• Author: Oded Eran
  • Publication Date: 07-2017
  • Content Type: Commentary and Analysis
  • Institution: Institute for National Security Studies (INSS)
  • Abstract: The agenda alone of the G20 summit in Hamburg, Germany on July 7-8, 2017 was not sufficient to draw the world’s attention. Although the forum brings together the leaders of the world’s 19 leading economies and the European Union, representing two thirds of the global population and 80 percent of the global GDP, it generally draws little more than thousands of demonstrators protesting globalization. This summit, however, generated much interest as it provided the stage for personal meetings between leaders, some the first of their kind, such as between Presidents Trump and Putin. In addition, at the summit Trump had to confront the other 19 leaders directly on some trade issues and the Paris Agreement, and the summit itself took place while eyes were also directed eastward, starting just after North Korea successfully tested its first intercontinental ballistic missile.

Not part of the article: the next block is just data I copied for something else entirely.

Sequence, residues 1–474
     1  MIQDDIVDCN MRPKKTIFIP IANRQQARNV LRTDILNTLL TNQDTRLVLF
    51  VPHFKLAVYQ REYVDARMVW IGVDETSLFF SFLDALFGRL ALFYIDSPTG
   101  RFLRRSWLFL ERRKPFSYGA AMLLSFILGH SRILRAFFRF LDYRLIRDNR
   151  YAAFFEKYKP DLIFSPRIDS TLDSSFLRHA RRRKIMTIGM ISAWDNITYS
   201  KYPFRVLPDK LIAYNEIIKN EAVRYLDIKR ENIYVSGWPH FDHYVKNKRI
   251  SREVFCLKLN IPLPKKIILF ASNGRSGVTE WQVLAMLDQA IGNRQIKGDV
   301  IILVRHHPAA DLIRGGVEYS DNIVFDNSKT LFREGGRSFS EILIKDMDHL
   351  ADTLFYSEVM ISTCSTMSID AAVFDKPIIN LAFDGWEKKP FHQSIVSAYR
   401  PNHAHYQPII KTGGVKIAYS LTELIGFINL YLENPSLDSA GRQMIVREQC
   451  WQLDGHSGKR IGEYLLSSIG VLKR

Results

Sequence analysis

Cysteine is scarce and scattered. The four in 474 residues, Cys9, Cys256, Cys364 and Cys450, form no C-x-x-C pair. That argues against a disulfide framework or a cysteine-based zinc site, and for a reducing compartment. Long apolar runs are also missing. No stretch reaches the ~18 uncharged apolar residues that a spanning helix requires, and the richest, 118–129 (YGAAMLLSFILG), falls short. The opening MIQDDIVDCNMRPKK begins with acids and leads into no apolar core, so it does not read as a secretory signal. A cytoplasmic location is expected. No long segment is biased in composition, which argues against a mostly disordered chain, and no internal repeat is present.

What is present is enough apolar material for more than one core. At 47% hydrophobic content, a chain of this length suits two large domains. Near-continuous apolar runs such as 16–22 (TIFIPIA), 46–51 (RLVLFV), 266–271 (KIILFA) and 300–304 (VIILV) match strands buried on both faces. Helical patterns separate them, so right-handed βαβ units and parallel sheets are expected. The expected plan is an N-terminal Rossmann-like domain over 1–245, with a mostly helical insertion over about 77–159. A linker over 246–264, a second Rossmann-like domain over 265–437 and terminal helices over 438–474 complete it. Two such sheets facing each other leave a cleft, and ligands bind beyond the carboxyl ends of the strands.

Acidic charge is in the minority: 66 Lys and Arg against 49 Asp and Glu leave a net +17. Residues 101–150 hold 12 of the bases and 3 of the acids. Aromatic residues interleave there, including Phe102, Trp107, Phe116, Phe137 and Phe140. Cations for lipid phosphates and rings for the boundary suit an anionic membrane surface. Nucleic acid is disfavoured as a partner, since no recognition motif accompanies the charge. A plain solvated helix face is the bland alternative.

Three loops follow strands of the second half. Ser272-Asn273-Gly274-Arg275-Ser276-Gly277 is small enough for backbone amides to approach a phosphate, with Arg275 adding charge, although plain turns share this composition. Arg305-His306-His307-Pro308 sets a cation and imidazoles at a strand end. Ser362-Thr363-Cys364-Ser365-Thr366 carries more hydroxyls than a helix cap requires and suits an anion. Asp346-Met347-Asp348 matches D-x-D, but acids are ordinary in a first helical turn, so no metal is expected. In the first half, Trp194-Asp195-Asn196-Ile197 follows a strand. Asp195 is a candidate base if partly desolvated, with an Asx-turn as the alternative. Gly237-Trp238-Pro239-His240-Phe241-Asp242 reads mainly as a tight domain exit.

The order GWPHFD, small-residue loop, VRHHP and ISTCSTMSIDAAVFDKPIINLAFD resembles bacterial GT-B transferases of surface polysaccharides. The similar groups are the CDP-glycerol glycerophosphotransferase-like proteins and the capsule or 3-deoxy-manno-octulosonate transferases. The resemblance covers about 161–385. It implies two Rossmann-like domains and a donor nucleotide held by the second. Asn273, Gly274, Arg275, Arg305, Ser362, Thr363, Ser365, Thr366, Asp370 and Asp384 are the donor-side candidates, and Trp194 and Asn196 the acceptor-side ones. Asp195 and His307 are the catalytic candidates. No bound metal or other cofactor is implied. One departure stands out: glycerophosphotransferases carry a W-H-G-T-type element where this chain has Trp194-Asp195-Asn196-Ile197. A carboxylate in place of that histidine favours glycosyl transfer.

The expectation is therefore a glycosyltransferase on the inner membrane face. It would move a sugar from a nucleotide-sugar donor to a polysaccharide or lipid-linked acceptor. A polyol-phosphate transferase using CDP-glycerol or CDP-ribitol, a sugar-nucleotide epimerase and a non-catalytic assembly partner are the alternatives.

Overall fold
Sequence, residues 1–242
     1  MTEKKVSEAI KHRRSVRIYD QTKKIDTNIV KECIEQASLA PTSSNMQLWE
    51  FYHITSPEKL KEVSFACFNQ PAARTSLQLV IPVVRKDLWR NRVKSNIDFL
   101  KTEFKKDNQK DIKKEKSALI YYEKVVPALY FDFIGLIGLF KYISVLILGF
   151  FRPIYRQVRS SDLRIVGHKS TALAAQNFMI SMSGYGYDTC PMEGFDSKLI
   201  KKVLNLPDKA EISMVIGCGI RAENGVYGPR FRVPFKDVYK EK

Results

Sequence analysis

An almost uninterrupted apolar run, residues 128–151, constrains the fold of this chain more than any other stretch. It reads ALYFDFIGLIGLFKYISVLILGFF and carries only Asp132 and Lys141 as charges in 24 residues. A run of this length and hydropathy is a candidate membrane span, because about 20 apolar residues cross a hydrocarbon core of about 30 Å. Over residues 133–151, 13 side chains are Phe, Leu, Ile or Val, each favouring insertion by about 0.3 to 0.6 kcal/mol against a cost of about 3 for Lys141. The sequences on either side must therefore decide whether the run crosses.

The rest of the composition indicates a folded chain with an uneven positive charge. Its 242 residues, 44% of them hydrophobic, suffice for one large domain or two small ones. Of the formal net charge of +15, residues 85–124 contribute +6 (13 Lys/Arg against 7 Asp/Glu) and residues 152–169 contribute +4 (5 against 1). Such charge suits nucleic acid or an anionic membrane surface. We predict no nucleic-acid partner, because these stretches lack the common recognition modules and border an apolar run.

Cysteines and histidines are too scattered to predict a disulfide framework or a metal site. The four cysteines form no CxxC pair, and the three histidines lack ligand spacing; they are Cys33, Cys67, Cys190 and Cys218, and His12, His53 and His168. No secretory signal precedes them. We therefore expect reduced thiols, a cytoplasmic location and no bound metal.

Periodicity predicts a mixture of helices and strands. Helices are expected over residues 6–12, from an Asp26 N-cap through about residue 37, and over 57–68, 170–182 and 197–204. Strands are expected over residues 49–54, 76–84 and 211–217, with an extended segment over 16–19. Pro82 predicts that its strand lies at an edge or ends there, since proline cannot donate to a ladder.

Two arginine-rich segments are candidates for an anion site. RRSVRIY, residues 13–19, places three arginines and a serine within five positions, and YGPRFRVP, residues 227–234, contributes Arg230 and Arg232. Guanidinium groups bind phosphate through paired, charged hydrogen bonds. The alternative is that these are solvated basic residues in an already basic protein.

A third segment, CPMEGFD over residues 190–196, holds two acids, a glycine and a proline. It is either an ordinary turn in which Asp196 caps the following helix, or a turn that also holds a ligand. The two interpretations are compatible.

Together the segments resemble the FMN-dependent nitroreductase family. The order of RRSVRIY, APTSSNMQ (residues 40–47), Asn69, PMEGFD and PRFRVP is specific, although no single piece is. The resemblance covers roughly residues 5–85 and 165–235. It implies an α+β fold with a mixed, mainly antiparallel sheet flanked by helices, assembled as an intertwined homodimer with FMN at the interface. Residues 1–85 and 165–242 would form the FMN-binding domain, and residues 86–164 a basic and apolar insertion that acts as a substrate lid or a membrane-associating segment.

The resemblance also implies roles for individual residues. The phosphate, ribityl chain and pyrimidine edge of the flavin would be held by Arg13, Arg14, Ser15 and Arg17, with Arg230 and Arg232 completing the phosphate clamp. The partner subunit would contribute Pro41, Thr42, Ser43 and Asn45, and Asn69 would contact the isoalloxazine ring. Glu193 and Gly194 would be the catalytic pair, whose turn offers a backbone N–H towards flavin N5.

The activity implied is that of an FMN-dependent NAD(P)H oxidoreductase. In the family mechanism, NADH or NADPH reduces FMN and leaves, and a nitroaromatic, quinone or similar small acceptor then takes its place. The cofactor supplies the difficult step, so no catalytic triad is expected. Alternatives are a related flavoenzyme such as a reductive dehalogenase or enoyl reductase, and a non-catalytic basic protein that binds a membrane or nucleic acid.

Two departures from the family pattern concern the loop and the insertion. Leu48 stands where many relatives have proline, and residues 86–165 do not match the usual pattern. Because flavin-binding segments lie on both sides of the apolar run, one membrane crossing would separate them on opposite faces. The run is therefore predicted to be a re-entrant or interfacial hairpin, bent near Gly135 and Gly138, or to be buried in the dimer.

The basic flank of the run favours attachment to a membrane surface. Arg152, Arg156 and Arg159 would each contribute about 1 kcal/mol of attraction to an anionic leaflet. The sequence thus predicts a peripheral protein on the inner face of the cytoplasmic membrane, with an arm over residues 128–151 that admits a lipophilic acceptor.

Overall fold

• Topic: International Relations, International Security
  • Political Geography: Global Focus
  • Author: Amos Yadlin, Avner Golov
  • Publication Date: 07-2017
  • Content Type: Commentary and Analysis
  • Institution: Institute for National Security Studies (INSS)
  • Abstract: On July 4, 2017, North Korea launched an intercontinental ballistic missile capable of flying a distance of over 6,000 kilometers. With the test, the first of its kind for Pyongyang, North Korea sought to highlight its ability to threaten United States territory, not merely American forces stationed in Northeast Asia. The missile, which was in the air for nearly 40 minutes, was launched specifically on American Independence Day, a few days after the meeting between US President Donald Trump and South Korean President Moon Jae-in, who favors a conciliatory approach to North Korea.